Denver: The Napa Valley of Beer
The Great American Beer Fest, held in Denver since 1984, serves more than 36,500 gallons of beer to 49,000 attendees in three days.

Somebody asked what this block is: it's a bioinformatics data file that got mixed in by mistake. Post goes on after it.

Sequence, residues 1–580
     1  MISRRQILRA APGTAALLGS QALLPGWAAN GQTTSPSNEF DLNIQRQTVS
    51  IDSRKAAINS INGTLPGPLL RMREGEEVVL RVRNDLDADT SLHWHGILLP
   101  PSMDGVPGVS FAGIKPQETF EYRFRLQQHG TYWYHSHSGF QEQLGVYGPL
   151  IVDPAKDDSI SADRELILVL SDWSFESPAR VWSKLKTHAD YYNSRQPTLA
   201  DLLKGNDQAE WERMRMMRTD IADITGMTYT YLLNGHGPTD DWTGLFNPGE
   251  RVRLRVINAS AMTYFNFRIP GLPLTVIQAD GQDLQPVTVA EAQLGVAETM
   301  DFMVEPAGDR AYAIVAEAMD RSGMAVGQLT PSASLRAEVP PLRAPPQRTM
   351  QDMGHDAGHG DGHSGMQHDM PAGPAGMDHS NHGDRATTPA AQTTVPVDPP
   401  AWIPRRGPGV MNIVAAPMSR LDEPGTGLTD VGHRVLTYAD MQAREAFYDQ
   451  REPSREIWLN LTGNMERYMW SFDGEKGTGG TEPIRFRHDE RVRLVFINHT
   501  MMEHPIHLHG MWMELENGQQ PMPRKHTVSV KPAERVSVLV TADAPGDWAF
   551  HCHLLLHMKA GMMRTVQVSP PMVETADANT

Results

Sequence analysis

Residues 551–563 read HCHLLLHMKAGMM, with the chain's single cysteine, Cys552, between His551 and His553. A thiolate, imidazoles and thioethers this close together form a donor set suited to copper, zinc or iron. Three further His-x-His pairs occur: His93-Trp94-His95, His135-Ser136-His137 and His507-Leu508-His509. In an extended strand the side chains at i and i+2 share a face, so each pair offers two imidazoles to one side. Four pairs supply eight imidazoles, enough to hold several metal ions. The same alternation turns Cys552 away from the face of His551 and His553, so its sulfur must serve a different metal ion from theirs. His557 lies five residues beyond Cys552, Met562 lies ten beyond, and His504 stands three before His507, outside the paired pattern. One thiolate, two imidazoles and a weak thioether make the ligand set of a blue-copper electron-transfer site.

But the city developed its mile-high thirst well before this annual celebration. Prospectors quaffed local beer when Colorado was no more than a territory, and then raised their mugs to the state’s constitution, hammered out in a bar, in 1875. Legal beer production and consumption went underground in 1916, but re-emerged with Prohibition’s repeal in 1933. Coors Brewery, established in 1873, survived the dry period by making malted milk, and then thrived on the reputation of its spring water. In the 1990s, the microbeer and brewpub phenomenon transformed Denver. Pioneered locally by the Wyncoop Brewery, craft beer making helped turn once-seedy neighborhoods into trendy historic districts. Today Denverites toast their town as the “Napa Valley of Beer.”